Great puzzle and write up; had MOGUL before BARON, but MORAL in the perp line soon changed that. I DID know JONES in the final "across" spot - in fact I immediately thought of this rendition by Cheech and Chong, which now is an earwig. Hard for me to believe that this was funny; guess the THC made it so! 😃 I recall many years ago watching or listening to an old Firesign Theater skit, which I'm sure cracked me up back in the early '70's when, as a college kid, I might have been known to "inhale" once or twice ...

Lemonade714 said...

Some wonderful musical and artistic links JzB to accompany a happy hump day from Clive. I had the pleasure back in 2010 of blogging his first LAT PUZZLE . Hard to believe almost 6 years have passed and so many of our posters have gone away. Hello to you all who are still reading.

IM I have been failing my field of vision tests for about a year now; they have no suggestions.

Chairman Moe said...

Speaking of THC, today (4/20) is National Weed Day. In a 4:20 long video clip, Yahoo has captured a few funny moments from TV shows that featured marijuana in the program.

The following link explains the significance of 4/20 as the reason for a National Weed Day . . .

And not to WADE into the political waters, but I often wonder, if when Bill Clinton "smoked" marijuana (without inhaling, of course), did his fiancee and current Democratic Party leading presidential candidate (nee, Hillary Rodham) smoke weed, too? There are times when I listen to her orate, that I think she could benefit from a little ganja . . .

Lucina said...

Thank you, Clive Probert, for a calculated challenge today. It was mostly a rapid romp but three terms did me in: BAT/NOBS, JONES & ROTINE/ROTI; actually that's five. I had left some blank cells thinking to return to them and then forgot. While Kazie finds the French easy, it sinks me though I'm always grateful for the Spanish. And I guess I missed something by not being in the armed forces since the men seem to be acquainted with ATROPINE through their service. And I'm completely unfamiliar with JONES as a craving though I understand the concept, just never heard it and was never a fan of Cheech and Chong.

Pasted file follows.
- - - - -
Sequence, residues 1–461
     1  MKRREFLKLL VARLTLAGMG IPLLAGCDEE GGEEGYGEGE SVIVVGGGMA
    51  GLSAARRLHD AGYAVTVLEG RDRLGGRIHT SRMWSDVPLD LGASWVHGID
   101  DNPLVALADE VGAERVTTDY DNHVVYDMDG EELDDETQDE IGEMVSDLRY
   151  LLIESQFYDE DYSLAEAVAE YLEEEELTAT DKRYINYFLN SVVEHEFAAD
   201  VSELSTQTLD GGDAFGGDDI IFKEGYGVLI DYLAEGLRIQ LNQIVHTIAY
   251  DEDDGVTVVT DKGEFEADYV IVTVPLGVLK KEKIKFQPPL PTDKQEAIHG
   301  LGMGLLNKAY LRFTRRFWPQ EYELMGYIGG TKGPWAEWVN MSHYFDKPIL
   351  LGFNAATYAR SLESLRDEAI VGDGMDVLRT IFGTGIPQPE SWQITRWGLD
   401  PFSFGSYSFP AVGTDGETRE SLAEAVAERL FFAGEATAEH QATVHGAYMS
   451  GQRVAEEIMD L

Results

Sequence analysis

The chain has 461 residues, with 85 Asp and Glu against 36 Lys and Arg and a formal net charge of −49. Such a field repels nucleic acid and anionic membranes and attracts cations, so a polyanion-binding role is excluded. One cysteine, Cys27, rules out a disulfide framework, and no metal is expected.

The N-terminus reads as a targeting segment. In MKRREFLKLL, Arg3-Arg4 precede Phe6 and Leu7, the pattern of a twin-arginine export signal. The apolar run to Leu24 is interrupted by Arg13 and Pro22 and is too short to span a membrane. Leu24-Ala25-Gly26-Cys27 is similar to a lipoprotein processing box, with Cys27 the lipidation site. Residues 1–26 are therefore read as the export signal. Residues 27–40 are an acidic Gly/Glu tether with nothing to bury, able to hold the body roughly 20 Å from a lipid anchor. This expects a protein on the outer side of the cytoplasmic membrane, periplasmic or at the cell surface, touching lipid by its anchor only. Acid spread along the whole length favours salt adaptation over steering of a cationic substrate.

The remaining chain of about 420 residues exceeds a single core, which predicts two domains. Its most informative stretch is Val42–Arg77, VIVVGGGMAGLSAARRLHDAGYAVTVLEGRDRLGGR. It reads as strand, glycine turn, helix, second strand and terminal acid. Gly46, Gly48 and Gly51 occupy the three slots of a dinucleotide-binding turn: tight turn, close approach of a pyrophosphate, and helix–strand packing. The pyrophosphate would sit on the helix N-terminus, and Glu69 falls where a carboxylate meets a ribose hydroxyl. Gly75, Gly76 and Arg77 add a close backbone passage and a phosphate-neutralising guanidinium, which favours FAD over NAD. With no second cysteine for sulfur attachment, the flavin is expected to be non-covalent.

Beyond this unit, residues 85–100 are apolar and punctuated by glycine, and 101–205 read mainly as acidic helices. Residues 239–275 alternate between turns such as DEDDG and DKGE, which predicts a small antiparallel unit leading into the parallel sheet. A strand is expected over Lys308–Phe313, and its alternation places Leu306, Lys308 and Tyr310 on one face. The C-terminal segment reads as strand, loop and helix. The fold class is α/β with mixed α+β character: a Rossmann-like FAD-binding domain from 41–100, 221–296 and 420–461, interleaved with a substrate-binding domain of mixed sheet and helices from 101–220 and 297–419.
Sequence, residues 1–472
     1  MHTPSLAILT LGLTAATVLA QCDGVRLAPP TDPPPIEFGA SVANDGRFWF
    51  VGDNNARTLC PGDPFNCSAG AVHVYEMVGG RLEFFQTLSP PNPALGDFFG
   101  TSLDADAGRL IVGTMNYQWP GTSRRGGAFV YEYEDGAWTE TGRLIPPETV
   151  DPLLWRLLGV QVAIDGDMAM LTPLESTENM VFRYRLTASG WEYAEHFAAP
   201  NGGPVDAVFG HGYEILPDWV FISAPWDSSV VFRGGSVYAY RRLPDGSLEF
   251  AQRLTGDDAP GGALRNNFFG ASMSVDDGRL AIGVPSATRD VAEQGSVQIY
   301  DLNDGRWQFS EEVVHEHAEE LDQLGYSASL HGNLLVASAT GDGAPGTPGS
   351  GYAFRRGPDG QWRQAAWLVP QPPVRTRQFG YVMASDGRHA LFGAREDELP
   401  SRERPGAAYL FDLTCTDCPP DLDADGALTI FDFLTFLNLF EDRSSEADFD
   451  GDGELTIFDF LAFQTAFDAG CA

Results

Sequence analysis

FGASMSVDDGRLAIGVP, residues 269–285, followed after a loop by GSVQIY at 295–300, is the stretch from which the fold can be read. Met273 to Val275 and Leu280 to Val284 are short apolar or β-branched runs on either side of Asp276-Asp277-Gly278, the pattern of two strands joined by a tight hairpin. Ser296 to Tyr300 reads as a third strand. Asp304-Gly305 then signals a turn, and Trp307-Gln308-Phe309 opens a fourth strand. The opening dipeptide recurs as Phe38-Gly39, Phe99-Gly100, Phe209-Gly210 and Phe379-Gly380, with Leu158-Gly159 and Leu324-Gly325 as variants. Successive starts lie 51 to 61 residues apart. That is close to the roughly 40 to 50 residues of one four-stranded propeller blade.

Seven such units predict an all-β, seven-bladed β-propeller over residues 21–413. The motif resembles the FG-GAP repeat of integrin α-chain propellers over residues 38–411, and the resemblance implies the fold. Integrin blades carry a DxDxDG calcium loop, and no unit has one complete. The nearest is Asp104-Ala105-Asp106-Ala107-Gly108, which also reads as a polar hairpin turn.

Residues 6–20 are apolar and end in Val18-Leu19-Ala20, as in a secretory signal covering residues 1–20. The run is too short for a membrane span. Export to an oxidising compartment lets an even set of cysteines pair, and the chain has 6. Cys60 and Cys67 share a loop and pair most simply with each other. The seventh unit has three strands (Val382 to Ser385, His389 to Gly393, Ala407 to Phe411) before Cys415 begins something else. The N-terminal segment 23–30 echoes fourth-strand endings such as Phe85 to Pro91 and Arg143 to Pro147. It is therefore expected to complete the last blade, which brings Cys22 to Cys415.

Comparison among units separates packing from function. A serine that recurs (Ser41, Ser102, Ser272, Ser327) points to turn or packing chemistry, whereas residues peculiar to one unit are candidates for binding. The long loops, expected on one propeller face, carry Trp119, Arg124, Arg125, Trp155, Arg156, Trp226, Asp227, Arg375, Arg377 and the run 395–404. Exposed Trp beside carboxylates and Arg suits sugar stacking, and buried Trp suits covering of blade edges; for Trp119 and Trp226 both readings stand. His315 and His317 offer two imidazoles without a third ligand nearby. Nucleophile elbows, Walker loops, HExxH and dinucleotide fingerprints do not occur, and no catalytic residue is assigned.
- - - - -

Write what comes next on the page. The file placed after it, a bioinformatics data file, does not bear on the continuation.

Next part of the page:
CHICA used to be considered slang and unacceptable in polite society, but it is now widely used.

I'll take the CSO to my mother, LALA and also to LALALinda. I hope she's doing all right.

Be well, Hahtoolah. I'm thinking of you.

And thanks to JazzB for an always sparkly summation.

Have a delightful Wednesday, everyone!

Lucina said...

BTW, the MENSA site is free to access the puzzle. One doesn't have to be a member and it's easy to print it.

Irish Miss said...

Lemony @ 11:50 - I don't exactly fail the field test, but I don't ace it, either, especially with my left eye which has worse MD than the right. Today, I had to repeat the first test because I thought it had ended and it hadn't. I find the procedure nerve-wracking. I wanted to do some errands after the appointment but with the super bright sunshine on top of the dilation, I was almost blinded. Fortunately, my drive home is only 5 minutes. My vision is still blurry from the drops but, hopefully, not for too much longer. I sympathize with your vision problems.